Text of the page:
Big Boss Man

buy mp3
Rating: 4.4 Stars4.4 Stars4.4 Stars4.4 Stars4.4 Stars
Words & Music: Smith/ Dixon
Big boss man, can't you hear me when I call?
Big boss man, can't you hear me when I call?
Can't you hear me when I call?
Well you ain't so big, you know you're just tall that's all, All right
Well you got me workin' boss man
Workin' round the clock
I wanna little drink of water
But you won't let big Al stop
Big boss man now can't you hear me when I call? All right
I said you ain't so big, you know you're just tall that's all

Big boss man, why can't you hear me when I call? All right
You know you ain't so big, I said you're just tall that's all, All right
I'm gonna get me a boss man
One who's gonna treat me right
I work hard in the day time
Rest easy at night
Big boss man, can't you hear me when I call? Can't you hear me when I call?
I said you ain't so big, you're just tall that's all
I'm gonna get me a boss man
One that's gonna treat me right
I work hard in the evenin'
Rest easy at night
Big boss man, big boss man, can't you hear me when I call?
I said you ain't so big, you're just tall that's all
All right, big boss man
It's all right
Recorded: 1967/09/10, first released on single


Gorse (profilecontact) wrote on Nov 11, 2013report abuse
This song showed that Elvis was back for the folk who mainly appreciated the rocking side of the man. Me, I enjoyed a good 60% of his film output on vinyl and another 15% as presented in the film. Lack of personal appearances, and being out of the public eye for so long, stopped this release being a smash hit.
sugartummy (profilecontact) wrote on Feb 26, 2013report abuse
A great song indeed. Scotty Moore recorded Frank Frost doing this song in the mid sixties as a producer. Jerry Reed couldn't remember Scotty Moore or DJ Fontana present during the recording of guitar man & big boss man. Later Reed said he'd wished he was a woman because Elvis looked so great.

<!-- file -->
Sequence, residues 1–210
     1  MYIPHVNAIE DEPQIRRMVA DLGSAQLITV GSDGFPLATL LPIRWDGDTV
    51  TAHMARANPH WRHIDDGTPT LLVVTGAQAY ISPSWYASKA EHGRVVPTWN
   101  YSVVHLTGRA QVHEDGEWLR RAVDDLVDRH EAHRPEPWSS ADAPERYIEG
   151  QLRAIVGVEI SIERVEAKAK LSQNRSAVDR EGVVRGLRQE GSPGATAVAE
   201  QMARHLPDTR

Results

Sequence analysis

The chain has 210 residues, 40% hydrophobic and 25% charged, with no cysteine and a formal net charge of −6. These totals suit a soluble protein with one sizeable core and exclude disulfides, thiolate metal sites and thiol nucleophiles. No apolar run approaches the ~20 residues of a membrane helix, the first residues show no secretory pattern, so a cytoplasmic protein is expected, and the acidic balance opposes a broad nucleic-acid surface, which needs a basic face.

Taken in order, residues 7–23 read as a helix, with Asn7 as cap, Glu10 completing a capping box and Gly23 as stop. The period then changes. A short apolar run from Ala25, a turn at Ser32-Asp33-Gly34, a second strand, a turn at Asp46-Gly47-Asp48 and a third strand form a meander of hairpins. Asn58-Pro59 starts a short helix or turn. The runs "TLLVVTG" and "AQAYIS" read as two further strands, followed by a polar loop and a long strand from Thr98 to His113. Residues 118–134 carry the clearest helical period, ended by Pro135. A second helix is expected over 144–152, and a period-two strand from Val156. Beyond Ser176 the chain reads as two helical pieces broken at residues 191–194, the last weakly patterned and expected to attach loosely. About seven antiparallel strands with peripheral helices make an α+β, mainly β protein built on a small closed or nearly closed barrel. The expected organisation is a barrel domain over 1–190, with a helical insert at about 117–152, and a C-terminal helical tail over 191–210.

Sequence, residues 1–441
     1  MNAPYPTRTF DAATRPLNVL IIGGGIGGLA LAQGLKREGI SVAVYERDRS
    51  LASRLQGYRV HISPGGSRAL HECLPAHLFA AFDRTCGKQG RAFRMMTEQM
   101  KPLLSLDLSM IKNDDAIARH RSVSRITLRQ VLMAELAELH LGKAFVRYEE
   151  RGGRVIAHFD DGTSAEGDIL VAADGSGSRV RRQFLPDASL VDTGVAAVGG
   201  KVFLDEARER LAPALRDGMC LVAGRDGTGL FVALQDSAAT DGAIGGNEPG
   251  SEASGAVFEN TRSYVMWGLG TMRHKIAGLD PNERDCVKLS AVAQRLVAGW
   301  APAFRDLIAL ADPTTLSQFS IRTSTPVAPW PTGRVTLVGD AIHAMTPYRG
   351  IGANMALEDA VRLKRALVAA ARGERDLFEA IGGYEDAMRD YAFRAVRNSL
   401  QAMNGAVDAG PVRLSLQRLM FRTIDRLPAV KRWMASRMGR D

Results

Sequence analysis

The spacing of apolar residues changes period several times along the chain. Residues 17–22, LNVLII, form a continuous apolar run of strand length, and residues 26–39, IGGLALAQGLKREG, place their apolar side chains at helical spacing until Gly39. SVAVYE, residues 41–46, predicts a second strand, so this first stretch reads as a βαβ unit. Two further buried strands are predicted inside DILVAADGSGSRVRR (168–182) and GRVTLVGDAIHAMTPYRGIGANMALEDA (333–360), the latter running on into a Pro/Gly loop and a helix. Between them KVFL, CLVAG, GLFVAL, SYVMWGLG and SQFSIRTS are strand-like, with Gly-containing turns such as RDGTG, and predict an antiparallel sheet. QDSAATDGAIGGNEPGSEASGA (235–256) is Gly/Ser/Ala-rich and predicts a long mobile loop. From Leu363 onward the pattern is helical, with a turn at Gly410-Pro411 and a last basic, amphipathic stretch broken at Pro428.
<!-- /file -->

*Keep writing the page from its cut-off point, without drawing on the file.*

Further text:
freedom101 (profilecontact) wrote on Mar 2, 2012report abuse
Elvis proved that he never lost it, he just got sidetracked temporarily with the movie soundtracks. Over the years Beatles fans have made the claim that the band destroyed Elvis' career. When they say that I always mention that if that were true how come Elvis took up where he left off in 1968 while the Beatles were still together. The Beatles were still two years away from breaking up as a group, so they had nothing to do with Elvis' career losing some steam in the mid-1960s. Elvis with the right material and a major push and tours would've stood toe to toe with anything the British Invasion dished out. Despite the myths and rumors the hippies and the counter culture of the 1960s weren't anti-Elvis. They wanted him to be "The King" that they knew he could be.
Lpool kid (profilecontact) wrote on Mar 1, 2012report abuse
always loved this song,the studio version was brilliant.i along with most fans feel that he should have been doing this type of song for the last 4-5years,but here's the problem if he had of been doing this type of song then he would'nt have really been away from the music no need for a 68' comeback.....just a thought.5 stars from me.
Rob Wanders (profilecontact) wrote on Mar 1, 2012report abuse
This is a great song. I love the recordingssessions with Elvis and Jerry Reed. They should have done it more often.
Biffx (profilecontact) wrote on Aug 31, 2011report abuse
This is an ok song for me one i can take or leave. Some versions sound a little dis-jointed but never terrible that i skip it.
johnnygb (profilecontact) wrote on May 23, 2010report abuse
This song really shows Elvis beginning to break free from the movie songs, a pounding beat and a new mature sounding voice. Great stuff if only 5 years too late!!!!!!!!
NONE000000 (profilecontact) wrote on May 23, 2010report abuse
Great track. Elvis in the process of rediscovering himself, culminating with the 68 comeback, which included this song. Kinda hard to imagine an Elvis fan who doesn't like this song.
bajo (profilecontact) wrote on May 22, 2010report abuse
A favourite of mine since I first heard the original 67 version. This is the kind of stuff Elvis should have been doing much more of. Those sessions really showed promise of what was to come. Why Elvis went for the Charlie Rich arrangement when doing the song live in the 70's i beyond me. I like the studio version above all!
1 BILLION SOLD (profilecontact) wrote on May 22, 2010report abuse
This is 1 of 2 45's that were the first Elvis songs on a 45 that I had at home as a child. My mom owned it, (then, cuz I do now), and along w Guitar Man, they bring back great memories of childhood life in general! Always loved the "growl" in his voice in this song, he sounds like a bad-ass!!
King Of Music (profilecontact) wrote on May 22, 2010report abuse